The arguments are often engaging, but the narrative could have used more editing for an American audience—will appeal mostly...



A dialogue between two acclaimed French writers, originally published in France.

Liberal activist and philosopher Lévy (Left in Dark Times: A Stand Against the New Barbarism, 2009, etc.) and libertarian social satirist Houellebecq (The Possibility of an Island, 2006, etc.) collaborated for six months in 2008 to produce this book, written as an exchange of letters. Despite their eminence in the French intellectual scene, both have been attacked by the French press (and have attacked each other)—Lévy for hypocritical egotism and Houellebecq for racism. As the correspondence unfolds, the reader comes to see them in a different light—as social critics who are trying to grapple with the important issues of the day in different ways. Unfortunately, many of the topical illusions and literary and philosophical references in the book will be missed by readers unfamiliar with the specifics of French culture. While both Lévy and Houellebecq support Israeli policy toward Palestine, their stance is quite different. Houellebecq, a self-proclaimed nonbeliever, sees no value in ethnic identity; Lévy describes himself as a happy Jew, writing that “[t]here are Jews who suffer; I’m a Jew who fights.” He accuses Houellebecq of not caring enough about the destiny of the human race: “Africa’s forgotten wars, the massacres in Sarajevo, the Pakistani madrassas where jihad is taught, Algeria in the grip of mass terrorism.” How is it, he asks reflectively, that “one of us [Houellebecq] could act as if nothing was more important than to on listening to ‘Ticket to Ride’ in the company of gorgeous blondes, while the other gets up on his high horse.” Houellebecq counters by explaining why he puts personal freedom ahead of civic duty: “I believe that people who want to get too mixed up in the lives of their fellow men, to redesign or regenerate humanity excessively, are either dangerous lunatics or crooks, or both.”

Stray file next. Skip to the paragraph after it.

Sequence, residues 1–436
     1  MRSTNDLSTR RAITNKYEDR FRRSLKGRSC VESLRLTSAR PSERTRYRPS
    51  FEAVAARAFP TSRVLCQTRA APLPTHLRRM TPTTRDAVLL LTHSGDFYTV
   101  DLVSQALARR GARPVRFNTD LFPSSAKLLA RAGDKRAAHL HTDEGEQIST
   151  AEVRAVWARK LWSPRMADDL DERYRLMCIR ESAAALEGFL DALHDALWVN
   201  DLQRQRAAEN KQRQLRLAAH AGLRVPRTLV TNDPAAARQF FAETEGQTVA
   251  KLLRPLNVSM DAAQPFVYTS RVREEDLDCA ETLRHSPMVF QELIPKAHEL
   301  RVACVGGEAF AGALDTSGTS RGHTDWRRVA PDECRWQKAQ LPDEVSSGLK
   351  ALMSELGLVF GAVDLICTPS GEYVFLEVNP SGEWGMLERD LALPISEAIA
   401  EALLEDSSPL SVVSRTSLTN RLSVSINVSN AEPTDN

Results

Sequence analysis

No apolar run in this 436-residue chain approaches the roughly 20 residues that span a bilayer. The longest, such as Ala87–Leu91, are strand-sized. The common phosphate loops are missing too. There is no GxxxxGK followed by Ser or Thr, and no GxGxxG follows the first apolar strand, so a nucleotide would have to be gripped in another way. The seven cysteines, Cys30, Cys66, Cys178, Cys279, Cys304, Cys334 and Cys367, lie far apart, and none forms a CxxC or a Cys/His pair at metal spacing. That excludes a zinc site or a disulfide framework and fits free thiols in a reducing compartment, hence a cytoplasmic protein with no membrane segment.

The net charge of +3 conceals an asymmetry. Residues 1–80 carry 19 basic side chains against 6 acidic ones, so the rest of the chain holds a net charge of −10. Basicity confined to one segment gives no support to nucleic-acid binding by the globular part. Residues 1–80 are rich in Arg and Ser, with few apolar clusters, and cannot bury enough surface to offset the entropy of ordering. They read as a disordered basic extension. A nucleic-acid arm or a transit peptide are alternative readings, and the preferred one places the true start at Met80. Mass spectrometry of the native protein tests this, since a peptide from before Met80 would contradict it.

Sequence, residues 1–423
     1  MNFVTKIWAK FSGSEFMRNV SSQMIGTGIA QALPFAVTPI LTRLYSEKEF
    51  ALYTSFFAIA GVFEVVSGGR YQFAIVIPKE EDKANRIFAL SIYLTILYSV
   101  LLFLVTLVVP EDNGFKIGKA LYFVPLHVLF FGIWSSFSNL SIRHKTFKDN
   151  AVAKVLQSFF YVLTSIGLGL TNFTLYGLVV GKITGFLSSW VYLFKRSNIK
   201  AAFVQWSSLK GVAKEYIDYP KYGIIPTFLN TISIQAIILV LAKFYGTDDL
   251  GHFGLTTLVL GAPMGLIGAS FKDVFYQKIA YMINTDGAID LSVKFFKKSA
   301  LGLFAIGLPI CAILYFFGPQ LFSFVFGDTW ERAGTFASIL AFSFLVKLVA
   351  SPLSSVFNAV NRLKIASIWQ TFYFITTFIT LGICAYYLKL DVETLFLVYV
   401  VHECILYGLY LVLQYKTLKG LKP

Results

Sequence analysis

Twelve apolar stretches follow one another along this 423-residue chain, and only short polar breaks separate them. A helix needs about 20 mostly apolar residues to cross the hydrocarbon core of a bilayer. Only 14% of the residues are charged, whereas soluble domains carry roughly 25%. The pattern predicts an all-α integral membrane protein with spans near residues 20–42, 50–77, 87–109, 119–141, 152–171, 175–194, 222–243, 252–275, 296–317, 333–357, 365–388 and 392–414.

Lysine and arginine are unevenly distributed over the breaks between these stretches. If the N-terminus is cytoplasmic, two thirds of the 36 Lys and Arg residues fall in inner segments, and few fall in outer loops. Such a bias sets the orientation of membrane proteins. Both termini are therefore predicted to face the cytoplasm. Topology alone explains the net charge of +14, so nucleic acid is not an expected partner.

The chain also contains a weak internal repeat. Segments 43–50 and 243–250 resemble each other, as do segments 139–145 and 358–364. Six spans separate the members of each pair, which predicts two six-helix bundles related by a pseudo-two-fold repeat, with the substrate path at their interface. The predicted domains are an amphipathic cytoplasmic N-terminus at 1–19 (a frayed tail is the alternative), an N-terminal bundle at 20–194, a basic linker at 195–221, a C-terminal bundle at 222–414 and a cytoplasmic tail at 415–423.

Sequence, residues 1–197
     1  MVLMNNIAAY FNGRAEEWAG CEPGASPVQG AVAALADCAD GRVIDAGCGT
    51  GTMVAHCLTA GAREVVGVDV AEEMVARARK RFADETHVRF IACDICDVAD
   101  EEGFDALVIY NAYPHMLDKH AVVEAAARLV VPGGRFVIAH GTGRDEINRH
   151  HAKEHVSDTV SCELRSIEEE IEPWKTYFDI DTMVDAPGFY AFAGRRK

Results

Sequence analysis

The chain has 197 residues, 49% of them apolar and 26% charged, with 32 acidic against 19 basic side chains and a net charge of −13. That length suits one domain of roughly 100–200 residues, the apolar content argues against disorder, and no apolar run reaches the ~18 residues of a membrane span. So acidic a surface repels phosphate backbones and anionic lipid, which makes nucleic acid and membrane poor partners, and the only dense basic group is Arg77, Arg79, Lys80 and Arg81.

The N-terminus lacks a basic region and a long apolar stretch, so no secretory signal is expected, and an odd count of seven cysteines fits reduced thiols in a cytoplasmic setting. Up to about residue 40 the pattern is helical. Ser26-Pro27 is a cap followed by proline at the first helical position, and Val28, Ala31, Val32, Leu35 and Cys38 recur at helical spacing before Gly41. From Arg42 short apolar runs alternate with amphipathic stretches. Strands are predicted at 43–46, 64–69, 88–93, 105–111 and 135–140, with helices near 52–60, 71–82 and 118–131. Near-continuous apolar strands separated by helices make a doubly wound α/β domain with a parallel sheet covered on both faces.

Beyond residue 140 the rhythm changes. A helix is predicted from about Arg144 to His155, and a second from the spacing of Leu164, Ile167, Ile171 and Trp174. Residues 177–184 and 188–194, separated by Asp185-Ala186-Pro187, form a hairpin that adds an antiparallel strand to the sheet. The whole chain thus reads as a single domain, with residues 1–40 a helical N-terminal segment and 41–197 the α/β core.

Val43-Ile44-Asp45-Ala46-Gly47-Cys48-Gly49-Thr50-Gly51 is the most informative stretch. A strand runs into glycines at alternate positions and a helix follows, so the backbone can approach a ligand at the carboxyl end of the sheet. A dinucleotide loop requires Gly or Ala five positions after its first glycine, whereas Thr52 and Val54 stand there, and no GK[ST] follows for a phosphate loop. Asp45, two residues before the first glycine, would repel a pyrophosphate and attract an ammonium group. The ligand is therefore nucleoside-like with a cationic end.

The arguments are often engaging, but the narrative could have used more editing for an American audience—will appeal mostly to academics and dedicated readers of philosophy.

Pub Date: Jan. 11, 2011

ISBN: 978-0-8129-8078-3

Page Count: 320

Publisher: Random House

Review Posted Online: Aug. 30, 2010

Kirkus Reviews Issue: Sept. 15, 2010

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If the authors are serious, this is a silly, distasteful book. If they are not, it’s a brilliant satire.


The authors have created a sort of anti-Book of Virtues in this encyclopedic compendium of the ways and means of power.